The Safe and Accurate Food Labeling Act was reintroduced in the U.S. House Wednesday by Reps. Mike Pompeo (R-KS) and G. K. Butterfield (D-NC) with bi-partisan co-sponsorship.
The bill would provide for uniform federal food labeling standards and includes a new provision to allow those who wish to label their products as GMO-free to do so by through an accredited certification process. “Our goal for this legislation remains to provide clarity and transparency in food labeling, support innovation, and keep food affordable,” said Pompeo.
The American Farm Bureau Federation (AFBF) supports the creation of a national labeling standard to “give consumers the information they need while avoiding the unnecessary confusion and added cost of a patchwork of state laws,” said AFBF president Bob Stallman. “The Safe and Accurate Food Labeling Act of 2015 would clarify the FDA as the nation’s foremost authority on food safety and create a voluntary labeling program run by the USDA Agricultural Marketing Service, the same agency that administers the USDA Organic Program.”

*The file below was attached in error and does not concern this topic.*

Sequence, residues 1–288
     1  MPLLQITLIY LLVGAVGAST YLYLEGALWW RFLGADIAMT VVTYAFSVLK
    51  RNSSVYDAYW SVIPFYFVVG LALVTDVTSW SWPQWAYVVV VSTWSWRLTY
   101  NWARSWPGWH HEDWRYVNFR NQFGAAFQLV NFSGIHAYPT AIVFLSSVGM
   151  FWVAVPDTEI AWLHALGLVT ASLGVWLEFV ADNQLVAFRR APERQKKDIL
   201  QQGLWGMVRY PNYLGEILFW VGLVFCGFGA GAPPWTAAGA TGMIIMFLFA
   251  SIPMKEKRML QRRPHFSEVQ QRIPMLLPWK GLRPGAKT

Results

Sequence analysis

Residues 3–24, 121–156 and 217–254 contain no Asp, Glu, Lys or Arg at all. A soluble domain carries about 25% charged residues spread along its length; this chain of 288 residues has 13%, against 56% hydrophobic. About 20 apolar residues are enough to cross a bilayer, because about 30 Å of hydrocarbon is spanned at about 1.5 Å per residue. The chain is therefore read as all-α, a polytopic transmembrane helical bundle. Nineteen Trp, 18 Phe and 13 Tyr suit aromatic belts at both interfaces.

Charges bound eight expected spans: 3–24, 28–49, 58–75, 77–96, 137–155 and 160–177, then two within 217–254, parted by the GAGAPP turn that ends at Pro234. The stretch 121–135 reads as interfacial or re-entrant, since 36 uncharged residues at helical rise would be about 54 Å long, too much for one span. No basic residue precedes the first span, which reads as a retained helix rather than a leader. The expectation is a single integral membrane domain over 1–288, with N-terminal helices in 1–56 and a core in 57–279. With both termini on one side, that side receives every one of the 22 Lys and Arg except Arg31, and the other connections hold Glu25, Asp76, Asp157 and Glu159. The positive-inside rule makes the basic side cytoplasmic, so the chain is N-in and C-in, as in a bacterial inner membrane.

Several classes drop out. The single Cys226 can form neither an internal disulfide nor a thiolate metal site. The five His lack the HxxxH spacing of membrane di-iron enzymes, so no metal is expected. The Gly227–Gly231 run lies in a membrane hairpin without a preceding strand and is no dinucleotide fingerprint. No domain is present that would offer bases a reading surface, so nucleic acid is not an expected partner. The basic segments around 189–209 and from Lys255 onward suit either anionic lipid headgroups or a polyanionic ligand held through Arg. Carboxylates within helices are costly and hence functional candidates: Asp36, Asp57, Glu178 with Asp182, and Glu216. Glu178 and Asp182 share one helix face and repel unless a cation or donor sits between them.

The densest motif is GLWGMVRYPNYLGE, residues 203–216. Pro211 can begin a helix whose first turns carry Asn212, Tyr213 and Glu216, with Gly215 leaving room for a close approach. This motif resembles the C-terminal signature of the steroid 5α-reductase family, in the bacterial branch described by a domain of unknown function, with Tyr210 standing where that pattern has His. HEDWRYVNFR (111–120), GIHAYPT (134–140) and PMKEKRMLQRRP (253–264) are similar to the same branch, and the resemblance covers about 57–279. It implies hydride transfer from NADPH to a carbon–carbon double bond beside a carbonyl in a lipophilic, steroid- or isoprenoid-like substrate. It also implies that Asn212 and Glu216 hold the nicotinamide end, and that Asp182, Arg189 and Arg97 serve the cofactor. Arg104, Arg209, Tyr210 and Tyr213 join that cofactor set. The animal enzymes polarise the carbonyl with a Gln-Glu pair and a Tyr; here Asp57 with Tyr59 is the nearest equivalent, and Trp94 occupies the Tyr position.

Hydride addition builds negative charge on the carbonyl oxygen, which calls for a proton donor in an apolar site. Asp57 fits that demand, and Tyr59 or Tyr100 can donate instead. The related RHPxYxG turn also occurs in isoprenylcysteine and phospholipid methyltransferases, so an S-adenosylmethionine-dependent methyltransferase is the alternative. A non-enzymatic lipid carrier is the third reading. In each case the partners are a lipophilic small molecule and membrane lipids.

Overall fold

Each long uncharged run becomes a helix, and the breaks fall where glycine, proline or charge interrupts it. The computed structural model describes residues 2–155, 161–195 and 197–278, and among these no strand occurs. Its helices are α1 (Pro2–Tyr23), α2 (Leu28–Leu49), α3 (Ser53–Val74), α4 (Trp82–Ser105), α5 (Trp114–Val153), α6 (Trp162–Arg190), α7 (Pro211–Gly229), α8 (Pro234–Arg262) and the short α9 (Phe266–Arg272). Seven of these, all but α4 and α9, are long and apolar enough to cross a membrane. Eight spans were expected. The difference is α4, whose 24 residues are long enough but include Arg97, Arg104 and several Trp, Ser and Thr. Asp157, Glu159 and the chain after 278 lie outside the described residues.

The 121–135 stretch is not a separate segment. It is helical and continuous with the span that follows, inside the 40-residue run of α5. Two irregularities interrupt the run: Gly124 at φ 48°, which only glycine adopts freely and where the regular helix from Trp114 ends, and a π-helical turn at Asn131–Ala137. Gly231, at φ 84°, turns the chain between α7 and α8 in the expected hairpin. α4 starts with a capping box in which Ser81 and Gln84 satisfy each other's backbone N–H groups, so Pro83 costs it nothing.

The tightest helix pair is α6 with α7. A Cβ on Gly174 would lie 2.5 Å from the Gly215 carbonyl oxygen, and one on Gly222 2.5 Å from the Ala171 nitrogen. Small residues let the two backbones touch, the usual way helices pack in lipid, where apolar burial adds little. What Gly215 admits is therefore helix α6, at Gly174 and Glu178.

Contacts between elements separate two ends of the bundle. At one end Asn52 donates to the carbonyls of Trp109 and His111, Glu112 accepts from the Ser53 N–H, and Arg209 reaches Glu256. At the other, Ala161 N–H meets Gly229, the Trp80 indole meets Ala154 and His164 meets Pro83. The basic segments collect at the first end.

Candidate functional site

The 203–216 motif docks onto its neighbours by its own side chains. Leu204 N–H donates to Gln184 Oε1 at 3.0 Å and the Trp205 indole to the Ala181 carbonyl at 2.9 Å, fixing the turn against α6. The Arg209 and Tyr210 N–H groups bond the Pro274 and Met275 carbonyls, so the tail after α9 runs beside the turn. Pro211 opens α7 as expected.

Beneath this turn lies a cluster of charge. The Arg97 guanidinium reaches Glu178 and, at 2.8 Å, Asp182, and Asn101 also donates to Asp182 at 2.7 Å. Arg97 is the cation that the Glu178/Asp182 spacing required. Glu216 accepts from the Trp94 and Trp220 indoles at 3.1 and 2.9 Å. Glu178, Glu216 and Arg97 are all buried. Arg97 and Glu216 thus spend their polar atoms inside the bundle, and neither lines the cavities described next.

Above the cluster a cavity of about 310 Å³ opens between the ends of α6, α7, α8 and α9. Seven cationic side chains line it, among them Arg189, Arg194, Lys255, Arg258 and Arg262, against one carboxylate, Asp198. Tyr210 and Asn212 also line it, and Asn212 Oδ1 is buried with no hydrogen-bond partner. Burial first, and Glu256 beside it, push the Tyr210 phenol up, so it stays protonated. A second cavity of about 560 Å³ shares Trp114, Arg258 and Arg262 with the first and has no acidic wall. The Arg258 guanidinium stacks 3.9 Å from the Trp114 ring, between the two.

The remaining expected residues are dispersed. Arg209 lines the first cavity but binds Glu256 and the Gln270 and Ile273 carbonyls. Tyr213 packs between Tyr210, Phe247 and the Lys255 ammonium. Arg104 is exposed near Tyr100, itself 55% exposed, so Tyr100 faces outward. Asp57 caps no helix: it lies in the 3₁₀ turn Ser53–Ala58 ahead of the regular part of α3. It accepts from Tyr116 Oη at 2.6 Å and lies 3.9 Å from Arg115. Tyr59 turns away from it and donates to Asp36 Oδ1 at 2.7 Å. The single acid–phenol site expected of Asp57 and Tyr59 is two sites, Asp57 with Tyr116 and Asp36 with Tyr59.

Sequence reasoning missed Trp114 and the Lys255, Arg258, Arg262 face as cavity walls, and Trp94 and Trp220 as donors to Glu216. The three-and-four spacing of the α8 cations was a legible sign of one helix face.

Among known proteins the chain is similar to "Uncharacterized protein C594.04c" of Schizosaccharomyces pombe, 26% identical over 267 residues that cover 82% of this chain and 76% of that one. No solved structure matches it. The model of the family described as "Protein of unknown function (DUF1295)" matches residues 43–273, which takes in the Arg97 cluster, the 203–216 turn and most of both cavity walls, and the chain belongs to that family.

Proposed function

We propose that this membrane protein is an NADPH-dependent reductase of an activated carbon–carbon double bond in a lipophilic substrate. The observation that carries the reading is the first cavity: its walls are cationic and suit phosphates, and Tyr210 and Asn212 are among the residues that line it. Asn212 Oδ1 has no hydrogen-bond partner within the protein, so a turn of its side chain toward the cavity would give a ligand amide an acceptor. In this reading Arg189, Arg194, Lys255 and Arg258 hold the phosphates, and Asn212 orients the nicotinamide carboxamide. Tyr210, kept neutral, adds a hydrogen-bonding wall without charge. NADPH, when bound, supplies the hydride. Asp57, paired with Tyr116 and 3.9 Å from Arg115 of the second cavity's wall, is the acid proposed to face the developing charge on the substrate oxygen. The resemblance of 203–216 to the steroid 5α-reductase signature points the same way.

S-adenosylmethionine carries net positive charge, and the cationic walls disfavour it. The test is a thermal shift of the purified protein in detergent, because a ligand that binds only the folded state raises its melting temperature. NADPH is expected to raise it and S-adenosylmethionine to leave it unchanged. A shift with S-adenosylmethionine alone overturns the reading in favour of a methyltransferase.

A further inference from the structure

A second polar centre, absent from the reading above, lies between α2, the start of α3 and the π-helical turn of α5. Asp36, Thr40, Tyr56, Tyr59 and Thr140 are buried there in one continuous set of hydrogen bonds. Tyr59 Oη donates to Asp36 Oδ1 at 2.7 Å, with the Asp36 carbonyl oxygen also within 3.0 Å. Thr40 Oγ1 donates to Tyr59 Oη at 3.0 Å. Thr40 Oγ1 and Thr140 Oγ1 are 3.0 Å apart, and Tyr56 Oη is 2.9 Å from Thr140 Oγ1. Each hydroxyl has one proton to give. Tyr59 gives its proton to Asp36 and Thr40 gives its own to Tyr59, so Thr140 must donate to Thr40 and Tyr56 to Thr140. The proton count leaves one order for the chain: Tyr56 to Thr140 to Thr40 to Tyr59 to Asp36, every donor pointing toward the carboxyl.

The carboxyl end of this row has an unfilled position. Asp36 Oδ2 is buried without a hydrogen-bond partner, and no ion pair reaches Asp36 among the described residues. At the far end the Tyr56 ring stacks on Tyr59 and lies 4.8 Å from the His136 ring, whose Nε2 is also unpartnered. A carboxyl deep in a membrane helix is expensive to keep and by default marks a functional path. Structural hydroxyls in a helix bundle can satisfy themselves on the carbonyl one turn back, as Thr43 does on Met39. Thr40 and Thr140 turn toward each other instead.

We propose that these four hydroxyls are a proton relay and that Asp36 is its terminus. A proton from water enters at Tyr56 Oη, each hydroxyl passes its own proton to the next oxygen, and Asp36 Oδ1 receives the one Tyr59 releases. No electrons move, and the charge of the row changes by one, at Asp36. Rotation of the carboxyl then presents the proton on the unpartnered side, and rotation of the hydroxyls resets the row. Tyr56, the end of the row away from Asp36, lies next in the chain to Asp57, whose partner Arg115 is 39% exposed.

The Agricultural Retailers Association also endorsed the legislation. “Agricultural retailers are optimistic the broad support of this bipartisan proposal will lead to quick passage of the bill,” said Daren Coppock, ARA President and Chief Executive Officer. “A patchwork of labeling laws would be untenable for farmers and food companies, and result in less clarity for consumers.”
“Introduction of this legislation is a first step towards passage of a federal law to keep the authority to set safe, reasonable and national labeling requirements regarding GMOs with U.S. government agencies that have decades of scientific and regulatory expertise in this area,” added Coalition for Safe Affordable Food spokesperson Claire Parker.
The legislation was introduced last year in the House but never passed and the Senate has yet to propose a companion bill.